Wednesday, 30 April 2014

mending pile

For as long as I can remember, my Mum has altered and mended our clothes. Sometimes, she may be darning a hole in my Pa's work trousers, replacing a lost button or turning up a new hem on a raggedy pair of jeans. 

The same old biscuit tin turned sewing box still lives beside her Bernina sewing machine in the spare bedroom. Inside, a smaller tin houses dressmaking pins, numerous tape measures and thimbles, all nestling in a wreath of cottons. There are always odd buttons, safety pins of all shapes and sizes and lengths of sheering elastic. The same old pair of dressmaking scissors I was forbidden to touch as a child, "Only for cutting fabric...". And next to a married life time's full of dressmaking accoutrements, sits the mending pile. 

On my first Sunday back home, the April rain is pouring steadily down the window pane. We make a pot of tea and settle ourselves into a corner of the conservatory. Mum threads her needle, I observe. The pitter patter of April showers on the rooftop overhead. Today, her quiet labour breathes life back into my favourite, worn corduroy skirt. She darns the wear and tear around the zip, making it good as new. Mending appears at times a tedious task. But it is a sort of magic, a trick that she has performed for as long as I can remember.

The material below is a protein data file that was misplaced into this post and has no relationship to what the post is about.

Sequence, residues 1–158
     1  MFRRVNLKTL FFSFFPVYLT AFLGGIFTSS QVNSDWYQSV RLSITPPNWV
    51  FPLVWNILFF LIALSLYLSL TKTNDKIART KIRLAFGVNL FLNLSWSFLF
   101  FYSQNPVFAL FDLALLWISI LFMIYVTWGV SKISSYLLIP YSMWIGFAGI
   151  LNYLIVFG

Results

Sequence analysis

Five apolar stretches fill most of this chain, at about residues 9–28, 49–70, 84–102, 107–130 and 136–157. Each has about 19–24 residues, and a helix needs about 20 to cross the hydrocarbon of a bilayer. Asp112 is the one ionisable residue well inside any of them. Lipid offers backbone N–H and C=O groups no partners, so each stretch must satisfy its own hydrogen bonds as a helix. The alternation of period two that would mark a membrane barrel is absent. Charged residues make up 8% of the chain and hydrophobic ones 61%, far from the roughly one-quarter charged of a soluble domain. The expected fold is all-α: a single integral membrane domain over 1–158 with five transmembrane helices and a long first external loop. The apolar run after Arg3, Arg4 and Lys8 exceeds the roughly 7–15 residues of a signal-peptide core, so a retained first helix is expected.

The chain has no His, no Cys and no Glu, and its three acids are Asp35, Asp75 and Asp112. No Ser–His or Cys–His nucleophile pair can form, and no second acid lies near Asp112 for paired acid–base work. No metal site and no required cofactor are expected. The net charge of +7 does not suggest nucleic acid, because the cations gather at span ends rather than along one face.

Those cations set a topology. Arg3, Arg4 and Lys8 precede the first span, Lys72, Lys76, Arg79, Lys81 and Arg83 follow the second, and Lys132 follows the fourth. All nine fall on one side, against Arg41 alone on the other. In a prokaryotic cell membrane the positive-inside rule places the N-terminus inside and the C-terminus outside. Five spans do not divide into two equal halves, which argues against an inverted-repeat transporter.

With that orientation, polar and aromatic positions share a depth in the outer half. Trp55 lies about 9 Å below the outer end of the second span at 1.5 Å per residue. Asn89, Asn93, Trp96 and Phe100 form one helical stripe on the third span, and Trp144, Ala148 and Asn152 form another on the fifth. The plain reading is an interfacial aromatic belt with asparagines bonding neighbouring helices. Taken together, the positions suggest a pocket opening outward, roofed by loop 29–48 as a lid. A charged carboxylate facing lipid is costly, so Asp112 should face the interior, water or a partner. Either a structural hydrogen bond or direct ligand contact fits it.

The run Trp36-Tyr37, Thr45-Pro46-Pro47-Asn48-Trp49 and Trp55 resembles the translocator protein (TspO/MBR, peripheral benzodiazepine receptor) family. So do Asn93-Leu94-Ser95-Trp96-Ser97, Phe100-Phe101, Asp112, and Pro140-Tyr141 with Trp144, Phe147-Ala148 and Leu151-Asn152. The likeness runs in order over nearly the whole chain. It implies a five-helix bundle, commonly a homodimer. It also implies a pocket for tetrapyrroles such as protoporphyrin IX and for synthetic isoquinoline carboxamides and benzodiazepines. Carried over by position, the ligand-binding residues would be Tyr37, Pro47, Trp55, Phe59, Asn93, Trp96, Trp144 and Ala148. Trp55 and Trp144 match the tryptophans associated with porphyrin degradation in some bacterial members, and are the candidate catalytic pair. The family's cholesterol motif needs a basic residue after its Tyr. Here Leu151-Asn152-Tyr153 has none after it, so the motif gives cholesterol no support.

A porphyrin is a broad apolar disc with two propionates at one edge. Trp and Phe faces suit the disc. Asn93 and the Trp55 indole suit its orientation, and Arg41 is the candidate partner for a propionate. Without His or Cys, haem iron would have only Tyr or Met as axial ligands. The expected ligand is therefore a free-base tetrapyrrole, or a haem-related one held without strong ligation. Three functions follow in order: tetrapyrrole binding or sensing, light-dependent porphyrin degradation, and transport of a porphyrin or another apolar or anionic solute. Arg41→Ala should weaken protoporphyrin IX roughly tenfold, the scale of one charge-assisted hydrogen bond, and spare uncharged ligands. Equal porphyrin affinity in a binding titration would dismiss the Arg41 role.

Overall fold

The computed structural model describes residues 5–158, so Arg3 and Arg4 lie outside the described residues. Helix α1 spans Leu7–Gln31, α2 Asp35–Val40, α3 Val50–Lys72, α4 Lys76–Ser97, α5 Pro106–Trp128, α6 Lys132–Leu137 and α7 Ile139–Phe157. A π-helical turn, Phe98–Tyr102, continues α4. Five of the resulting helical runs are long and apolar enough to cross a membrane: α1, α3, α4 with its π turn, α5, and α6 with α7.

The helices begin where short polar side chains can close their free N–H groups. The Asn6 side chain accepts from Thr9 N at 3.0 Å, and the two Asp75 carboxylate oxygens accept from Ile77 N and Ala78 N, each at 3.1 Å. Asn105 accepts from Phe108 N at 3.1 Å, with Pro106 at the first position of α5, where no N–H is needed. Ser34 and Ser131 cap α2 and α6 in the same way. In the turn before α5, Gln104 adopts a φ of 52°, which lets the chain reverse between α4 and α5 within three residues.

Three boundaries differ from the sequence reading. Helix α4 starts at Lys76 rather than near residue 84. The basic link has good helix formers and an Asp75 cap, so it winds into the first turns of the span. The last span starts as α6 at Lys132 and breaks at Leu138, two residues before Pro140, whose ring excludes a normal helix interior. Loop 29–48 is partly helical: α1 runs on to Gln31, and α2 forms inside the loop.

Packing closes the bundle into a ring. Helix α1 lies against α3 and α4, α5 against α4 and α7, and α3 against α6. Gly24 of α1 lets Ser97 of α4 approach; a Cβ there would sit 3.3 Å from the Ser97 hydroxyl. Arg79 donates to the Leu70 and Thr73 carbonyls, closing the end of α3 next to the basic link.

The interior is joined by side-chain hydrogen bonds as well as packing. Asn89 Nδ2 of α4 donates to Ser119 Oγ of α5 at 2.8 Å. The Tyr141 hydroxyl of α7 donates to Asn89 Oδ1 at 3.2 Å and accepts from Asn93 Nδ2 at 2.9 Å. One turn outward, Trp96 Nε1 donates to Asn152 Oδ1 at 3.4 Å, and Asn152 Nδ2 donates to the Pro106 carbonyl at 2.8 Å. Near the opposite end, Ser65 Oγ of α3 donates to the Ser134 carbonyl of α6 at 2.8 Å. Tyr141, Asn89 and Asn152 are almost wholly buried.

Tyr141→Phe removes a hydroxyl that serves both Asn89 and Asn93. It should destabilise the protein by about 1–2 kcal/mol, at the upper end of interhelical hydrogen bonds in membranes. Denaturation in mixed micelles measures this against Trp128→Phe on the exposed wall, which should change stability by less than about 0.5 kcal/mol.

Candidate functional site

In a while, she will take me back up to the spare bedroom to perform another magic trick: under her watchful eye, she'll help me finally finish my skirt. But for now, as the rain steadily fals outside, I am engrossed as I observe this quiet domestic task. Now it is my turn to turn up, pin and then tack the hem of a new (to me) pair of charity shop linen trousers, just a little too long in the leg. With her calming patience and this gentle industry, she is teaching me to mend and make do. It is re-using and recycling, making do and mending at it's most simple, and most meaningful. 

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